Michael Weiland has worked in the field of education and counseling since 1998.  He received his B.S. from Georgia College & State University, M.Ed. from Georgia Southwestern State University, M.A. from Richmont Graduate University, and Ed.S. from Valdosta State University.  He presently serves as a School Counselor at Archer High School in Gwinnett County. Mr. Weiland is also a Licensed Professional Counselor and has worked in schools, hospitals, outpatient settings, and within the Georgia Network of Therapeutic Services.  Mr. Weiland enjoys using technology to enhance student learning and provide solutions for counselors in managing and evaluating information for improved service delivery.

Dwight Jackson is entering his fourth year as a school counselor at Mill Creek High School. Dwight earned his master's degree from Georgia State University. He holds a specialist degree in Professional School Counseling from the University of Georgia. His duties include advising students on course planning, career options, and social/emotional development. He is a coordinator for the school's Move On When Ready program, a dual-enrollment program for high school students to earn college credit. Dwight is a native of the metropolitan Atlanta area. 


Ethics:  Hindsight is 20/20: School Counselor Edition
(full day)

View ASCA Ethical Standards

Tracey E. Pace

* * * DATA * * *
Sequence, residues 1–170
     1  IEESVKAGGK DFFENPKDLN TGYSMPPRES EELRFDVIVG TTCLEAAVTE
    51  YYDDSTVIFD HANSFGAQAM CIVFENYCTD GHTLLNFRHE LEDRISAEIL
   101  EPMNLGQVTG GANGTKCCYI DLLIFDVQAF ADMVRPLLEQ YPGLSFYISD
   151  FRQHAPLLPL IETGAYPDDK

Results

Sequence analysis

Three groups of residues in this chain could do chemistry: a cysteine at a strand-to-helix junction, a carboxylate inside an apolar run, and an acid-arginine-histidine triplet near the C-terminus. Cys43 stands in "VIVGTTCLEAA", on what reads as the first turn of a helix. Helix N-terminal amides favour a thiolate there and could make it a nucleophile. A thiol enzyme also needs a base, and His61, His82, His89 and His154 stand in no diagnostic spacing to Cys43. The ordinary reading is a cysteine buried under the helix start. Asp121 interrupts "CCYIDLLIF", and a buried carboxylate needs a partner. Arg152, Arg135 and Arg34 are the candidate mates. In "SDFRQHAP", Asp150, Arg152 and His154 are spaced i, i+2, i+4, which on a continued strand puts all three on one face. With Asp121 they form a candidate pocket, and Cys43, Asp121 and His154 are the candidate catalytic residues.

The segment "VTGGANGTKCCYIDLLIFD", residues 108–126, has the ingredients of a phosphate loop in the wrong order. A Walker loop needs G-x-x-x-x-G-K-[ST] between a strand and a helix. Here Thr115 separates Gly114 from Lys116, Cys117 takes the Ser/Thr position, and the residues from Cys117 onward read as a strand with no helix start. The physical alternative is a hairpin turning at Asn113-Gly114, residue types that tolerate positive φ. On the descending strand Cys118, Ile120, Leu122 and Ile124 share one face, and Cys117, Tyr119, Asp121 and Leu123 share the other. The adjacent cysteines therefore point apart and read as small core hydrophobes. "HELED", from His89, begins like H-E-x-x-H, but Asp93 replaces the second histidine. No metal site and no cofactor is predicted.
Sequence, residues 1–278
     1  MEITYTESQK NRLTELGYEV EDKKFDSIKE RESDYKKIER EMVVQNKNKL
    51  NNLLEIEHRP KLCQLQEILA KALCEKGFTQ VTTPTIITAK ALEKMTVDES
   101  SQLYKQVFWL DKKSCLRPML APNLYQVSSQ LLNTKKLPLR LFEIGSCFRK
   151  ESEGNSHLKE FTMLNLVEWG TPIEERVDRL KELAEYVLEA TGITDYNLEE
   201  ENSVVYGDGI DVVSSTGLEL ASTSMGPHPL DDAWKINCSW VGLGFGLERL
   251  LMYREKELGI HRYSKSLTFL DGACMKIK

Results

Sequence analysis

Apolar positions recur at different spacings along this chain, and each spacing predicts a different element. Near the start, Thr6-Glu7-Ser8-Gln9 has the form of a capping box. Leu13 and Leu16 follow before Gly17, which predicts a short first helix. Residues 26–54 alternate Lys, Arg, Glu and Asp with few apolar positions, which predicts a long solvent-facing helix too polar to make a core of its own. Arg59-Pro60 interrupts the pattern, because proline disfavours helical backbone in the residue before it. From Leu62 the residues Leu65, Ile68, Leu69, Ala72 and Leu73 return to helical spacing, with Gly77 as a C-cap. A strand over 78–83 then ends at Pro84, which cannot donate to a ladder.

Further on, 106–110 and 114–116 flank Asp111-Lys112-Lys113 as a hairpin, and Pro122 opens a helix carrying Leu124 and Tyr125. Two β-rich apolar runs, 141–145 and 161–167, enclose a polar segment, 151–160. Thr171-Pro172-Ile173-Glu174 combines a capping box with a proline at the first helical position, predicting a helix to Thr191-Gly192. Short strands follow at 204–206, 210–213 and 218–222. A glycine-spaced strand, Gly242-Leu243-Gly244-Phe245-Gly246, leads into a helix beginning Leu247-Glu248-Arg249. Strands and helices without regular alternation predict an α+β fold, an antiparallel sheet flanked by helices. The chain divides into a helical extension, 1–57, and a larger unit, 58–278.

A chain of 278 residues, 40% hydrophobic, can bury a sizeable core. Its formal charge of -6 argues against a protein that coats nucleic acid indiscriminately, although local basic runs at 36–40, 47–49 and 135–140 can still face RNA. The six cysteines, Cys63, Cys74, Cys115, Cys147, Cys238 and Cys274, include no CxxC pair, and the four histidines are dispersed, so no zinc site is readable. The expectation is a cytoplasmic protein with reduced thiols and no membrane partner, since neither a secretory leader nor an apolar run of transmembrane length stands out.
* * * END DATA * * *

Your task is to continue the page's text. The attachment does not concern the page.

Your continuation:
ThD, MSA, MEd, LPC, NCC, CFMHE, CFI


The role of the School Counselor has changed radically since the first “guidance counselor” opened their door to students. The amount of regulation and societal changes the present day school counselor faces are innumerable. This course will familiarize school counselors with ethical codes such as the Georgia Department of Education, American School Counselor’s Association and American Counselor’s Association. We will also look at how FERPA, Title IX and case law is relevant to the school counselor. Particular attention will be paid to the 2016 changes to the ASCA’s code of ethics. We discuss strategies for dealing with subpoenas to produce records or to appear in court relevant to one of your students. Participants will also learn how to recognize potential ethical concerns. Since no study can ever anticipate the myriad of ethical dilemmas that may surface, participants will be exposed to a decision making model that utilizes their professional codes of ethics, current state and federal laws and peer review to arrive at ethically informed decisions. Practical suggestions for application of HIPAA, HITECH and record requests in an ethically responsible manner will be discussed throughout the presentation.

Mrs. Pace is the founding director and clinical supervisor at Heritage Counseling, Inc. located in Effingham County, Georgia. She holds a Th.D. in Biblical Theology, a M.Ed. in Counselor Education – School Counseling and a MSA in Administration. She is a Nationally Certified Counselor, a Georgia Licensed Professional Counselor, a Certified Forensic Mental Health Evaluator, a Certified Forensic Interviewer and a Child Adolescent Developmental Specialist (Behavioral). Her extensive post graduate training in Testing and Assessment has earned her the highest testing qualification level (C) with PAR Psychological. Prior to her entry in private practice, Ms. Pace was a Certified School Counselor working with middle school students. She has presented and consulted in the areas of professional ethics, values awareness, and HIPAA/HITECH compliance. She is currently pursuing her certification in Child Custody Evaluation.